A fortune in cookies 

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This thriving business is going Wong's way

I meet Derrick Wong, vice president of sales and marketing for Wonton Food Inc., and Richard Leung, a salesperson, in front of an anonymous-looking warehouse in Queens, New York. Though Wong is diminutive and Leung is bullish, they both wear polo shirts with chinos. Through the warehouse doors, there are boxes as far as the eye can see, stacked in pallets from the floor to the 30-foot ceiling, being transferred from place to place by an unsmiling carrier via forklift. There must be thousands of boxes in this 9,500-square-foot space. What is more astounding than sheer volume are the contents: fortune cookies.

For the believers among us, contemplating all of those fortunes in all of those boxes presents a conundrum. It's difficult enough at a Chinese restaurant to try to discern "which one is meant for me," but in the presence of millions of fortunes, the question takes on greater, existential proportions.

Nothing gets in the way of your vision of yourself in the future.
Next time you eat Chinese, pay attention to the cookie wrapper. You may very well find that the brand is Golden Bowl, a division of Wonton Food Inc., the largest producer of fortune cookies on the East Coast, and possibly in the country. This Queens facility produces cookies 24 hours a day, seven days a week, just trying to keep up with current demand. According to Leung, there has been significant growth of Chinese restaurants in the U.S. in recent years. As astonishing as it may seem, these guys produce and move 4 million cookies every day.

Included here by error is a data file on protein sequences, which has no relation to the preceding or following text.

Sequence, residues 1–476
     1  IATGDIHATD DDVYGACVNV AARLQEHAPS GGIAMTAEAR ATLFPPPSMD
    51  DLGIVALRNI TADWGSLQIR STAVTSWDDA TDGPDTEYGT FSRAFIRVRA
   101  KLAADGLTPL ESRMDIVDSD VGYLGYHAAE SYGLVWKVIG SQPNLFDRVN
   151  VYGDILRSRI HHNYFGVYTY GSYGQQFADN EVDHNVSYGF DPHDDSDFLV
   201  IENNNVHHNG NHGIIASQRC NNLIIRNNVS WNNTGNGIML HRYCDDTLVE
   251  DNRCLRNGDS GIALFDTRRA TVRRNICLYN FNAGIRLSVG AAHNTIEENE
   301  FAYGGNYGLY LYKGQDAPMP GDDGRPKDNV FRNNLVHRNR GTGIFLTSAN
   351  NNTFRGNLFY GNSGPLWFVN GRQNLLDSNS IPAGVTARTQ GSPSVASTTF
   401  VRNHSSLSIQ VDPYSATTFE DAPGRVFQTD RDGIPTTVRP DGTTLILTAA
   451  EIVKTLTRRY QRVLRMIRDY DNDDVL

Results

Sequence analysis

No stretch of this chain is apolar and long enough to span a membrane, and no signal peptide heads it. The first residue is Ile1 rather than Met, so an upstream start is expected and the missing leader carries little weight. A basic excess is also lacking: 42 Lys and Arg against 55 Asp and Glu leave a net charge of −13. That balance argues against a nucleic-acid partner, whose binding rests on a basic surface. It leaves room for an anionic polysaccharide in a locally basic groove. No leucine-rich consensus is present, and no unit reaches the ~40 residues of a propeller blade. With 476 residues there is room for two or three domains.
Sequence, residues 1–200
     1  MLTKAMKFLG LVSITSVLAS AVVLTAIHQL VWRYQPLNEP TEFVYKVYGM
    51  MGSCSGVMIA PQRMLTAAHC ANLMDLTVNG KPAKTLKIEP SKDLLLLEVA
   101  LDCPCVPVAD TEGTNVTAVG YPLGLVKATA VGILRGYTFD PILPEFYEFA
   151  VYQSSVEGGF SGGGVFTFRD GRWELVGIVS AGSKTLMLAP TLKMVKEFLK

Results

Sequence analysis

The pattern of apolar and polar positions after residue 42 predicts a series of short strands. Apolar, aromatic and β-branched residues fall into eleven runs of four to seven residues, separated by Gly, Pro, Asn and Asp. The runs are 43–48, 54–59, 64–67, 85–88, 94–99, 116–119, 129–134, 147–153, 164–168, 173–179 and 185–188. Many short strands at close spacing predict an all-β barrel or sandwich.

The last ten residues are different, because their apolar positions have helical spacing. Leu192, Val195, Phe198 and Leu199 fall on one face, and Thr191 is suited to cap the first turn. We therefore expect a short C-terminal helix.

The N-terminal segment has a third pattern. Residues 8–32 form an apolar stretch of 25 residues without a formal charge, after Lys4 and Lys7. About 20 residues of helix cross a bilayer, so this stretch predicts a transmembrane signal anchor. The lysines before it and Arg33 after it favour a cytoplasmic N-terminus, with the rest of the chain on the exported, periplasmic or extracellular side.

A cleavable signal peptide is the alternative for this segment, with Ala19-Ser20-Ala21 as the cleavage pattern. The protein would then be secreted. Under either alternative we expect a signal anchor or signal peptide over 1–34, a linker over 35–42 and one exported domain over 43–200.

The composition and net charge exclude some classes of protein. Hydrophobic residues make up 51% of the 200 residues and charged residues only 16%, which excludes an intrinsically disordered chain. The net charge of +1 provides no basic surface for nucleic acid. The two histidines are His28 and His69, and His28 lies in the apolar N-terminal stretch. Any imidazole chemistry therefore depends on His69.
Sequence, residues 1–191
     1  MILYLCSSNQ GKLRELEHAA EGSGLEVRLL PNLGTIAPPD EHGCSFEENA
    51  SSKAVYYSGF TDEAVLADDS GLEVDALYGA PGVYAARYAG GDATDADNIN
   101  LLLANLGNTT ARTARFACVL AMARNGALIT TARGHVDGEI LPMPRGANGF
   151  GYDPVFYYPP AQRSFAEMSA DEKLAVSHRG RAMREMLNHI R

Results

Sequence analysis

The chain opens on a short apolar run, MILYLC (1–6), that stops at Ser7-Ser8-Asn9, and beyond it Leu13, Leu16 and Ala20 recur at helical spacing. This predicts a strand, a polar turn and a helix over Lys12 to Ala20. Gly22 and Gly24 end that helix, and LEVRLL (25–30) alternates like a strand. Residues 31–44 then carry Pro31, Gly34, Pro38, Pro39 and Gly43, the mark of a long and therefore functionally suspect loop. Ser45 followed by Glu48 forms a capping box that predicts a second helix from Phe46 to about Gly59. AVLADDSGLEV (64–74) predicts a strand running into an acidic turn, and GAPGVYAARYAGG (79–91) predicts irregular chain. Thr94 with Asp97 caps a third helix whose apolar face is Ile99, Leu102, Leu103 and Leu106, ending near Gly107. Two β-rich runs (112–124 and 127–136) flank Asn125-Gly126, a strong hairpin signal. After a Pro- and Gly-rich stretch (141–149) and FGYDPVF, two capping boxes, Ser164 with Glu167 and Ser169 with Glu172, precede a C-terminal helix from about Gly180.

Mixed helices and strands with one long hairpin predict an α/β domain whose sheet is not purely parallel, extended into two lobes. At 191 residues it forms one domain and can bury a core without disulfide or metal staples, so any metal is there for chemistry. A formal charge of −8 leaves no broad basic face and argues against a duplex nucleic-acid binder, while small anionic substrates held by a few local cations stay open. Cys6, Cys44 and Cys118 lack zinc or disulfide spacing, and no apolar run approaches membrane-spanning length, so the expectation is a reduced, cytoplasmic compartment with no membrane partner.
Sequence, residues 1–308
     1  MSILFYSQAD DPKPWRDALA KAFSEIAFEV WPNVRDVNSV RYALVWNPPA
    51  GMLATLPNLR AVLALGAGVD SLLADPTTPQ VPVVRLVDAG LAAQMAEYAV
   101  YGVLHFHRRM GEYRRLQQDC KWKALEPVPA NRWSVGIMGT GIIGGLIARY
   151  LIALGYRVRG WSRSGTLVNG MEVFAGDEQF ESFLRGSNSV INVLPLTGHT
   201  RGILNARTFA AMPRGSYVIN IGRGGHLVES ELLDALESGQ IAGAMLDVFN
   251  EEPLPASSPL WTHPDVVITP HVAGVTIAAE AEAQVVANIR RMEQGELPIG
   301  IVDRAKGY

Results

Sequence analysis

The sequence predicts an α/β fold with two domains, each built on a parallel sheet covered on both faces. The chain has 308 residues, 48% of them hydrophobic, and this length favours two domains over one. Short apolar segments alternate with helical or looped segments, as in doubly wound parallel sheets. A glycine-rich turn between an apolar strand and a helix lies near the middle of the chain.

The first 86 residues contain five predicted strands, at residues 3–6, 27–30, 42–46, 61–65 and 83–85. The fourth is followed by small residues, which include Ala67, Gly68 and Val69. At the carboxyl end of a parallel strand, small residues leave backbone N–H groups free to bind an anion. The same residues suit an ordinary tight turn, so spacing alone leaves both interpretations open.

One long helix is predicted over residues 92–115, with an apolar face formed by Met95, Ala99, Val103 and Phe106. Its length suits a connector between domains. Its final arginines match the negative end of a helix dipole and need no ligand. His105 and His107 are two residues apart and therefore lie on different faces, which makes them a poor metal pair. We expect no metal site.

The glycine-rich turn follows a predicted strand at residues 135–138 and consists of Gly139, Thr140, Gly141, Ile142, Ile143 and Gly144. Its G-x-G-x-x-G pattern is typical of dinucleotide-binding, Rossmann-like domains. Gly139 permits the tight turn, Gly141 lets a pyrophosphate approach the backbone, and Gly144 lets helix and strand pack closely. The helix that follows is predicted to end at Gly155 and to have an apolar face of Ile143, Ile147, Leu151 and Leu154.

"This whole thing could only last us one and a half days," says Leung, motioning to the towers of cookies in our midst. "If a trailer doesn't come for one day, we're in trouble."

The dusty interior of the Golden Bowl offices resembles some kind of social club: dirty linoleum, fake wooden desks, garishly colored Chinese calendars, chimes, and basketball posters. For Wong, a mild-mannered man in his thirties, this is a family business. His uncle started Wonton Food Inc. as a noodle company and Asian dry-goods importer in 1973 on East Broadway in Manhattan.

Change is happening in your life, so
go with the flow!
In 1982, Wong's family, led by father Foo Kam, immigrated to the States from the Guong Zhou region of southern China and joined their uncle's business. In 1983, Wonton entered the cookie racket when it took over a small factory in Chinatown, moving its operation to Queens by 1984. Since the first 1,000-square-foot factory, the size has increased almost tenfold. Growth is due in large part to the work of Foo Kam and a team of designers that managed to build equipment that dramatically increased the volume of cookie production. The original factory's machinery was designed in such a way that only one cookie could be made at a time. The newer mechanism, still in use, allows for row upon row of fortune cookies to be made simultaneously.